|Species||Season||Period||Population estimate||Quality of estimate||IBA Criteria||IUCN Category|
|Tongan Scrubfowl Megapodius pritchardii||resident||1991-1993||188-235 breeding pairs||unknown||A1, A2||Endangered|
|Ptilinopus porphyraceus||resident||1991-1993||present||-||A2||Not Recognised|
|Blue-crowned Lorikeet Vini australis||resident||1991-1993||present||-||A2||Least Concern|
|Polynesian Starling Aplonis tabuensis||resident||1991-1993||present||-||A2||Least Concern|
|2007||high||not assessed||not assessed|
|Biological resource use||hunting & collecting terrestrial animals - intentional use (species being assessed is the target)||happening now||majority/most of area/population (50-90%)||moderate to rapid deterioration||high|
|Invasive & other problematic species, genes & diseases||invasive non-native/alien species/diseases - named species||happening now||majority/most of area/population (50-90%)||slow but significant deterioration||high|
|IUCN habitat||Habitat detail||Extent (% of site)|
|Forest||Lowland evergreen rain forest (tropical)||10%|
|Wetlands (inland)||Freshwater lakes and pools||35%|
|Artificial - terrestrial||Abandoned or fallow farmland, disturbed ground; Farmbush, fallow & ruderal land||30%|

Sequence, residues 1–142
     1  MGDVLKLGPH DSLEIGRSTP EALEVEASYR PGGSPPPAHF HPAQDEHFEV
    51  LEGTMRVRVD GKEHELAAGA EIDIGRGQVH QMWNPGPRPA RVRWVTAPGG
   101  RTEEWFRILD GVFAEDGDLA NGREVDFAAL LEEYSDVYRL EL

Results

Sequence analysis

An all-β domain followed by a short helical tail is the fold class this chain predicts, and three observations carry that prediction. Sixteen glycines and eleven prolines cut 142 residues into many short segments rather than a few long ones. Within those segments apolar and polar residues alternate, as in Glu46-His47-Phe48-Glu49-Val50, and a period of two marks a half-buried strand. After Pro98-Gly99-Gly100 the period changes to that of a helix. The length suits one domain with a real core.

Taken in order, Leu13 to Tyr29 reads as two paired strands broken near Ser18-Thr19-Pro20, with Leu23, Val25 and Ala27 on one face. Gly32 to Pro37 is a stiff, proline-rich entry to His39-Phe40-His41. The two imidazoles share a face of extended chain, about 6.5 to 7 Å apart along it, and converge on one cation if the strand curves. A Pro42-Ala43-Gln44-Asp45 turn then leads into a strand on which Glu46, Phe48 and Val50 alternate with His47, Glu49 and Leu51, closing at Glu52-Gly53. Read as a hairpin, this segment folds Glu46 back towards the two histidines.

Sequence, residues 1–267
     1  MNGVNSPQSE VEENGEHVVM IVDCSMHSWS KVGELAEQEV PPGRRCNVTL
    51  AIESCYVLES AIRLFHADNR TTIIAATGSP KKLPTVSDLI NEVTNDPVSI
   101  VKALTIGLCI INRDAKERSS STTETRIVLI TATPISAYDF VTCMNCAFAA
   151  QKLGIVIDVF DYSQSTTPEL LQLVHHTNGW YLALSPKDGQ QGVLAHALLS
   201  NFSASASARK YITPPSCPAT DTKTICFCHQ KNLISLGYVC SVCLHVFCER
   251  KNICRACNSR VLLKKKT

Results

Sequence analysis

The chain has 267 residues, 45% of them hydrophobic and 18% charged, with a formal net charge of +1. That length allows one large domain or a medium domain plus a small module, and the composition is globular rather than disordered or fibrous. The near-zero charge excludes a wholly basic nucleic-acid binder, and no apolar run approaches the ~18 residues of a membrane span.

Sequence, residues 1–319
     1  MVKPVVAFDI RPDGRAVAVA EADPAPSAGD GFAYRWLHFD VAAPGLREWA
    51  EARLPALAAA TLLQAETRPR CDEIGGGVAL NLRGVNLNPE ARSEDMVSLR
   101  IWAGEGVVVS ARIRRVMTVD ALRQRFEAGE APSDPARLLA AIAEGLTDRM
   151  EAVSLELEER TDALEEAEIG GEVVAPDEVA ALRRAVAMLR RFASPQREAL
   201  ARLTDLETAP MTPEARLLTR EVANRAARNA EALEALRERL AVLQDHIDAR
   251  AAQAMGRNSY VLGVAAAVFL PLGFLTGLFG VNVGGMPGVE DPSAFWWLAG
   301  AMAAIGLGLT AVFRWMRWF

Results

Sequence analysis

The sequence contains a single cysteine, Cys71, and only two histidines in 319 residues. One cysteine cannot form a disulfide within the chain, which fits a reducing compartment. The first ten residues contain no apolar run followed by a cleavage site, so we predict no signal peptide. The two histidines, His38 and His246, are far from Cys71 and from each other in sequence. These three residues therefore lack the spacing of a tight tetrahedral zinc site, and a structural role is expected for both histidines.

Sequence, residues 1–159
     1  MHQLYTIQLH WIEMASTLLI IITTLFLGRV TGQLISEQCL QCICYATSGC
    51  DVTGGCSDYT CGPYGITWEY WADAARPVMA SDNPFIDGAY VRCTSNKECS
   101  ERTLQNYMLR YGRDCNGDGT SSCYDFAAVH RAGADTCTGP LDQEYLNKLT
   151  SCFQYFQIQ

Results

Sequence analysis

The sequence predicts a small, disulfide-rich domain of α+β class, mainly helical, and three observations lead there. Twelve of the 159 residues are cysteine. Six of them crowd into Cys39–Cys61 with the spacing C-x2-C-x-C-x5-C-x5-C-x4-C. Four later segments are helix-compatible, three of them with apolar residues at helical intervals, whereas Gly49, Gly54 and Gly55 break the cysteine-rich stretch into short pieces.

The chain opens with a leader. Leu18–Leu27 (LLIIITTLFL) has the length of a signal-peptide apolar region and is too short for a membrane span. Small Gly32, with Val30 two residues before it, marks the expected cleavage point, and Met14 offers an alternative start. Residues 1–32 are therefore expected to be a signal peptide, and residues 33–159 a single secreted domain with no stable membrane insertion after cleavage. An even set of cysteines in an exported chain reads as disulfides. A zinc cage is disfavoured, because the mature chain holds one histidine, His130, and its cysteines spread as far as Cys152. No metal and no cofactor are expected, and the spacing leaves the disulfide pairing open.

References Crane, W. 1992. The Environment of Tonga: A Geography Resource. Wendy Crane Books, Lower Hutt. Goth, A. and U. Vogel. 1995. Status of the Polynesian Megapode (Megapodius pritchardii) on Niuafo’ou (Tonga). Bird Conservation International 5:117-128. Goth, A. and U. Vogel. 2001. Notes on breeding and the conservation of birds on Niuafo’ou Island, Kingdom of Tonga. Pacific Conservation Biology 5: 103-114. Jenkins, J.A.F. 1980. Seabird records from Tonga-an account based on the literature and recent observations. Notornis 27:205-235. Prescott, N. and P. S. Folaumoetu’I (Editors). 2004. Tonga Biodiversity Stocktaking. Technical Report 1 for the National Biodiversity Strategy and Action Plan. Dept. of Environment, Nuku’alofa Rinke, D. 1986. Notes on the avifauna of Niuafo’ou Island, Kingdom of Tonga. Emu 86:145-151. 1991. Birds of ‘Ata and Late, and additional notes on the avifauna of Niuafo’ou Island, Kingdom of Tonga. Notornis 38: 131-151. Rinke, D., L.H.Soakai and A.Usback. 1993. Koe Malau: Life and future of the Malau. Brehm Fund for International Bird Conservation, Bonn. Stattersfield, A.J., M.J. Crosby, A.J. Long, and D.C. Wege. 1998. Endemic Bird Areas of the World: Priorities for biodiversity conservation. BirdLife Conservation Series no. 7, BirdLife International, Cambridge, UK. 846 pp. Watling, D. 2003. Report on a Visit to Late and Fonualei Islands, Vava'u Group, Kingdom of Tonga. Unpublished Report to the Van Tienhoven Foundation. Watling, D. 2004. Report on a Visit to Late Island, Vava'u Group, Kingdom of Tonga. Unpublished Report to the Van Tienhoven Foundation.